The next section I had my students read in House on Mango Street was “My Name,” a vignette where main character Esperanza talks about her name, family culture, and wrestles with her identity.
We first read the vignette aloud (I have a new student read each day to give everyone a voice) and then I had them open their Google Classroom pages and answer some post-reading questions on their own.
My goal with the reading questions? To see what they were comprehending and to connect what they read today with their prior lessons on figurative language, thus bridging concepts.
The questions asked them to think beyond the literal, challenging them to make inferences about Esperanza’s culture.
*The questions can be viewed/downloaded here.
Here is an example of one of my students, and my comments for them via Google Classroom.
After the questions, we discussed some of the main ideas in the vignette–family, identity, confidence, culture, and role of women. Then I bridged into their next activity, which was to learn about their own names and build connections between their families and Esperanza’s family.
This activity was the My Family Crest. Students were asked to look up their last names to find out the definition, origin, and background information. Then they were to draw two symbols that represented their families and explain what they symbols were, why they drew them, and what they learned about their family on the back of the crest.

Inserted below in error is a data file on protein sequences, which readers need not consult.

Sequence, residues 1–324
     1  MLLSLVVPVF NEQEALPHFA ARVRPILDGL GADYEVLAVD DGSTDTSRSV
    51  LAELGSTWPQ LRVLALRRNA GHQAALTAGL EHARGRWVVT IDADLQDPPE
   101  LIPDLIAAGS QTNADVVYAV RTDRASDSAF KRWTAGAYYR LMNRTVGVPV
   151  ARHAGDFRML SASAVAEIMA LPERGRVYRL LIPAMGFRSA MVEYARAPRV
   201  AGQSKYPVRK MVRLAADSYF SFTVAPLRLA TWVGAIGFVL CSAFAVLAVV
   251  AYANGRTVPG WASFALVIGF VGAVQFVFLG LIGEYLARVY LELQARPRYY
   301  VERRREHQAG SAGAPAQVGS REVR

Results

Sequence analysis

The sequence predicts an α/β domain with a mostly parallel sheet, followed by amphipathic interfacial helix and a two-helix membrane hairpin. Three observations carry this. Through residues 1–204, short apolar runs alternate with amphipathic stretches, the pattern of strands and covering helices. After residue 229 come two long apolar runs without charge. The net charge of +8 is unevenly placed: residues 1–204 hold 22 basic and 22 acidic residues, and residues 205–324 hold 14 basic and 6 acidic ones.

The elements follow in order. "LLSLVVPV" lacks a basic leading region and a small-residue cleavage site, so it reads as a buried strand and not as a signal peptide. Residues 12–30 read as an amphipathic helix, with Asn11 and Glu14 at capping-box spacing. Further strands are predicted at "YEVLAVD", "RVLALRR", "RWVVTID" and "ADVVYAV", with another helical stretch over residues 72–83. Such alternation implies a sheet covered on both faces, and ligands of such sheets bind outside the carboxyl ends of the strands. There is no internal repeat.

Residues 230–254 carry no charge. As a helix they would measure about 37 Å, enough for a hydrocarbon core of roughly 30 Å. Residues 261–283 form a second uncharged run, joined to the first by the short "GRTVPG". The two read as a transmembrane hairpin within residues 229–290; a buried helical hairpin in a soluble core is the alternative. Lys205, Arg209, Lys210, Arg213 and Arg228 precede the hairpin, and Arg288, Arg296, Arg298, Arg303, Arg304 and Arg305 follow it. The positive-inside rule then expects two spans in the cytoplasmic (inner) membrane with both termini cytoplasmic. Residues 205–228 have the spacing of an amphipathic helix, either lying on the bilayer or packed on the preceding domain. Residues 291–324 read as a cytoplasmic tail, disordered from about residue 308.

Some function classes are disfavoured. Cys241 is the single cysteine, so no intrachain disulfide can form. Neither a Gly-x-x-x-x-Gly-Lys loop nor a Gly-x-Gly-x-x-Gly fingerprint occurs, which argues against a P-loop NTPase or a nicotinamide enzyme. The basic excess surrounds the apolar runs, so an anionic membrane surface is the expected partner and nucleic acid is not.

I created a crest and an assignment sheet. I told the students that I would be assessing their ability to write clearly and coherently–using formal, academic writing. I also told them to have fun and add color to their crests!
The majority of my eighth graders enjoyed it. Some went all out. Some didn’t, but they all discovered something new about their families. Here are some of their examples:
I was really pleased with their work and wanted to showcase it. So, after giving them their scores and feedback (to read more about that, click here) I hung the crests in the hallway heading into my room/library. This was an awesome way to showcase their work, engage others in our curriculum, and give each student a chance to be proud of his/her family. Overall, I think it worked well as an early book activity!